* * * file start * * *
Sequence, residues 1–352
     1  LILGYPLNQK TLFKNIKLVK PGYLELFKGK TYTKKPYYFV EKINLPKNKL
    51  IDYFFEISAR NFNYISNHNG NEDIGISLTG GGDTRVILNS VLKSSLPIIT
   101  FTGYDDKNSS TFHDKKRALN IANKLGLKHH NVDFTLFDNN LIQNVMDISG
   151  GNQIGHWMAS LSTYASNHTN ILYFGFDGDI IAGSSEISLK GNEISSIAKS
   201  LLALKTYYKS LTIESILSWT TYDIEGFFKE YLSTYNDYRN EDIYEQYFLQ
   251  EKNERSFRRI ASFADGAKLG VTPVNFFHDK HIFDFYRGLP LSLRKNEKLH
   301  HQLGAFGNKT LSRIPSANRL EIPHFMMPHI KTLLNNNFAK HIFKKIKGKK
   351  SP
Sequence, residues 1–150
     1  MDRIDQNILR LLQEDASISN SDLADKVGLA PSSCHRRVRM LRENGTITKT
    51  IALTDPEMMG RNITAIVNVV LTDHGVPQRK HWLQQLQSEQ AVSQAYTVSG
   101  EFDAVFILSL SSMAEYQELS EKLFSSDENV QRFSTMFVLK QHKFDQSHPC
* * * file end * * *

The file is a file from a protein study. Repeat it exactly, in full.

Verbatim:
Sequence, residues 1–352
     1  LILGYPLNQK TLFKNIKLVK PGYLELFKGK TYTKKPYYFV EKINLPKNKL
    51  IDYFFEISAR NFNYISNHNG NEDIGISLTG GGDTRVILNS VLKSSLPIIT
   101  FTGYDDKNSS TFHDKKRALN IANKLGLKHH NVDFTLFDNN LIQNVMDISG
   151  GNQIGHWMAS LSTYASNHTN ILYFGFDGDI IAGSSEISLK GNEISSIAKS
   201  LLALKTYYKS LTIESILSWT TYDIEGFFKE YLSTYNDYRN EDIYEQYFLQ
   251  EKNERSFRRI ASFADGAKLG VTPVNFFHDK HIFDFYRGLP LSLRKNEKLH
   301  HQLGAFGNKT LSRIPSANRL EIPHFMMPHI KTLLNNNFAK HIFKKIKGKK
   351  SP
Sequence, residues 1–150
     1  MDRIDQNILR LLQEDASISN SDLADKVGLA PSSCHRRVRM LRENGTITKT
    51  IALTDPEMMG RNITAIVNVV LTDHGVPQRK HWLQQLQSEQ AVSQAYTVSG
   101  EFDAVFILSL SSMAEYQELS EKLFSSDENV QRFSTMFVLK QHKFDQSHPC